It is called “independent hygiene” or “IH”. IH emerged in Ontario in 2007 as a response of the provincial government to the unaffordability of dental care, particularly to senior citizens who had lost their dental coverage just when their oral health began to decline.

In 2007, there were a handful of independent hygienists in Ontario. Now there are about 750, and more than 1,100 across Canada. Indeed, independent hygienists have begun to own dental practices.

How does this growth compare to other healthcare professions? Look at the following table which uses another rapidly expanding profession (nurse practitioners) as a comparison.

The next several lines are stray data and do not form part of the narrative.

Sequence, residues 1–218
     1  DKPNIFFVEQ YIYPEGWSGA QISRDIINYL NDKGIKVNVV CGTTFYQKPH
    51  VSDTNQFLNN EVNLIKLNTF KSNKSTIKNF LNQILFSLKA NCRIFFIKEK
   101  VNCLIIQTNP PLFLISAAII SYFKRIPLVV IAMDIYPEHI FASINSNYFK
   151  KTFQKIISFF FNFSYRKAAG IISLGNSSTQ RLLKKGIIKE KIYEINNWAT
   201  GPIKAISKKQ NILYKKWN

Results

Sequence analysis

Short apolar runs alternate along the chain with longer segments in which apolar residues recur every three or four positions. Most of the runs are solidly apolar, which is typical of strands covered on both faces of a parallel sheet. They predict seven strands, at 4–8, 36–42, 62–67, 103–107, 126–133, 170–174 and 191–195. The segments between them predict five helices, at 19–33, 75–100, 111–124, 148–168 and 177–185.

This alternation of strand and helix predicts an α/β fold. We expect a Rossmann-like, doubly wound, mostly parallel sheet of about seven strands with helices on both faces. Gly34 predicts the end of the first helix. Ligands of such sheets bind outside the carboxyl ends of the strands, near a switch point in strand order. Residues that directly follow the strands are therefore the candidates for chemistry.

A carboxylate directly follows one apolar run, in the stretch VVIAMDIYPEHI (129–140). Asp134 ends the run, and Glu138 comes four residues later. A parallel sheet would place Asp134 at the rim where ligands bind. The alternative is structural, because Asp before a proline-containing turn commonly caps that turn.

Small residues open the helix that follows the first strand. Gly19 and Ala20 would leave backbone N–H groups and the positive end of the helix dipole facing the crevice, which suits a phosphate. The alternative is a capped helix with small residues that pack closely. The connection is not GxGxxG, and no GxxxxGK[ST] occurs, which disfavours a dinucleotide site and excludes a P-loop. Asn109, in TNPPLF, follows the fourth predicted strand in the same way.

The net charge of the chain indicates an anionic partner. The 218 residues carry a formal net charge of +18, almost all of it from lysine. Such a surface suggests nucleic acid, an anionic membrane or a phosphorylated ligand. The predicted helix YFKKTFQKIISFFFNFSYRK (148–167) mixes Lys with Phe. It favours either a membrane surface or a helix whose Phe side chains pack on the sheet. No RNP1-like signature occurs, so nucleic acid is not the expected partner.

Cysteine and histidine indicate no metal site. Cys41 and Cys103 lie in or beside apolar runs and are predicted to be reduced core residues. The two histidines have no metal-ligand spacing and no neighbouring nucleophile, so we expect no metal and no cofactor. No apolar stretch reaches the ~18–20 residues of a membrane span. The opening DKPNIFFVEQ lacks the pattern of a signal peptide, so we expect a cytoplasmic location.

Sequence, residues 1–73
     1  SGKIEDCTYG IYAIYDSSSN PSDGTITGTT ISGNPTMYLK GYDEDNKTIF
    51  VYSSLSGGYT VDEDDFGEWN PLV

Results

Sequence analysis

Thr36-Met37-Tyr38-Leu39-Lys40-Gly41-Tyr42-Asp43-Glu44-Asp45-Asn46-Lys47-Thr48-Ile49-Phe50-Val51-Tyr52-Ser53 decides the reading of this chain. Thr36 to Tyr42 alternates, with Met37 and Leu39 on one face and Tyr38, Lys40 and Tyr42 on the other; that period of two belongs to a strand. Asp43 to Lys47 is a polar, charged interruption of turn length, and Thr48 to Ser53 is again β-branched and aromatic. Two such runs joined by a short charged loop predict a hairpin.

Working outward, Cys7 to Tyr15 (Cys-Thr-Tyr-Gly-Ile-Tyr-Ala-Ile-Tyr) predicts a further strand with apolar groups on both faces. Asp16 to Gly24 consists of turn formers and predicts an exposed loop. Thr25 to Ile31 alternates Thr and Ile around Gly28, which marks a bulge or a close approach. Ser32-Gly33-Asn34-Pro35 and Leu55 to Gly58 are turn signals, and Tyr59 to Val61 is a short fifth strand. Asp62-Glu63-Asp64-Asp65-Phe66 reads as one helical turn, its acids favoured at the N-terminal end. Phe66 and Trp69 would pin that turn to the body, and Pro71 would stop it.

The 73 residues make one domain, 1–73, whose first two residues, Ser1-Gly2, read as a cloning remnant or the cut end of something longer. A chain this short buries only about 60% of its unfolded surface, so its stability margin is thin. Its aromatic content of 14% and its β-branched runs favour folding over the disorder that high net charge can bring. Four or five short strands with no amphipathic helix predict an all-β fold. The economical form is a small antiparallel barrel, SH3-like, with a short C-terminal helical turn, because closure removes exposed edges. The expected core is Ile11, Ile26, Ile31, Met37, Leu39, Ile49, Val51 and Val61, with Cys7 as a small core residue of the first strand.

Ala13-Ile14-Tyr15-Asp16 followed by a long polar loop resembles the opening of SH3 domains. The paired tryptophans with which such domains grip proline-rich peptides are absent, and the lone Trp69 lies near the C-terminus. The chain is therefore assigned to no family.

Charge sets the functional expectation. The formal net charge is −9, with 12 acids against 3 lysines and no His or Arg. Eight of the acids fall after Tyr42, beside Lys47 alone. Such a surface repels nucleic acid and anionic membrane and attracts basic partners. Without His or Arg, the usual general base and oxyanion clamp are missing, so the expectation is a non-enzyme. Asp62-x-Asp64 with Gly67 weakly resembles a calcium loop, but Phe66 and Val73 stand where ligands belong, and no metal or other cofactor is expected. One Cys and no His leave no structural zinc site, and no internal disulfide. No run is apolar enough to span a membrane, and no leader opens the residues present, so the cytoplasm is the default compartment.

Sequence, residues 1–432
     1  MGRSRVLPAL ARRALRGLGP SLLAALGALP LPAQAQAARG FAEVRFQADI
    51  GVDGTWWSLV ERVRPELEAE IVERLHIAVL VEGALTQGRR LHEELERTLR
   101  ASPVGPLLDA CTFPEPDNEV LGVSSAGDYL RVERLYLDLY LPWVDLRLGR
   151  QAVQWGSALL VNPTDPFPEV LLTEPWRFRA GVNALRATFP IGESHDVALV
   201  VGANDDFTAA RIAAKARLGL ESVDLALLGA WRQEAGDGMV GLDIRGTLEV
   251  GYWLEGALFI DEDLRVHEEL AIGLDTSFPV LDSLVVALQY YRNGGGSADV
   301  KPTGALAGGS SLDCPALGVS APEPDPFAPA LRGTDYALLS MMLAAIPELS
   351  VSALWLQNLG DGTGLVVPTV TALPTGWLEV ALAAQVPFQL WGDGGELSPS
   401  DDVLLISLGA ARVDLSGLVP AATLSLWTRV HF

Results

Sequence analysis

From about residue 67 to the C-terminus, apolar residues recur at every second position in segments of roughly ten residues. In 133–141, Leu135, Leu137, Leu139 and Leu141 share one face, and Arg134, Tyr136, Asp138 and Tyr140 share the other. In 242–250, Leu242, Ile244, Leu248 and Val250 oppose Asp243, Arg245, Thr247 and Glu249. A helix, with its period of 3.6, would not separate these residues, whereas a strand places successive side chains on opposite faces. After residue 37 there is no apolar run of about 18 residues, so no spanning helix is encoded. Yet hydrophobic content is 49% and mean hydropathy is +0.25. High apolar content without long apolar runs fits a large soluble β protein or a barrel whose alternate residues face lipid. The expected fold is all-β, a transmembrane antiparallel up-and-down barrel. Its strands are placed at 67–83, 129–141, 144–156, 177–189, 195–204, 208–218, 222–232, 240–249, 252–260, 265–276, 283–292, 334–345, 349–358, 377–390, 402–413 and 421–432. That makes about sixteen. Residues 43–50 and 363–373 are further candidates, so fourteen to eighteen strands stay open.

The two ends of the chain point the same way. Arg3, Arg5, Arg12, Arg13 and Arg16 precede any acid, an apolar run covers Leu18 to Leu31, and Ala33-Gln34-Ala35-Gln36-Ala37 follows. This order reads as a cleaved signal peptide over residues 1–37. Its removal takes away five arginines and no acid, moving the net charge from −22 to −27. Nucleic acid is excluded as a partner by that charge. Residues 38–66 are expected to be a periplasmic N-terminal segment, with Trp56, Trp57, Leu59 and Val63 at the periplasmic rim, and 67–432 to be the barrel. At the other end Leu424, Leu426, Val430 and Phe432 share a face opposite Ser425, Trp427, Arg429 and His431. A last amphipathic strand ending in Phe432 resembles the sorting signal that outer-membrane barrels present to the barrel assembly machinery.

Independent hygienists will continue to grow in numbers and may soon reach a threshold where they are widely recognized by the community as a preferred venue for oral healthcare. This new awareness will be also be stimulated by the integration of independent hygienists into medical practices and geriatric care settings. With new tools like Prevora, independent hygiene can reduce the cost of dental care significantly while improving oral health for long periods. And in an aging community like Canada facing pandemic hardships, this proposition is hard to overlook.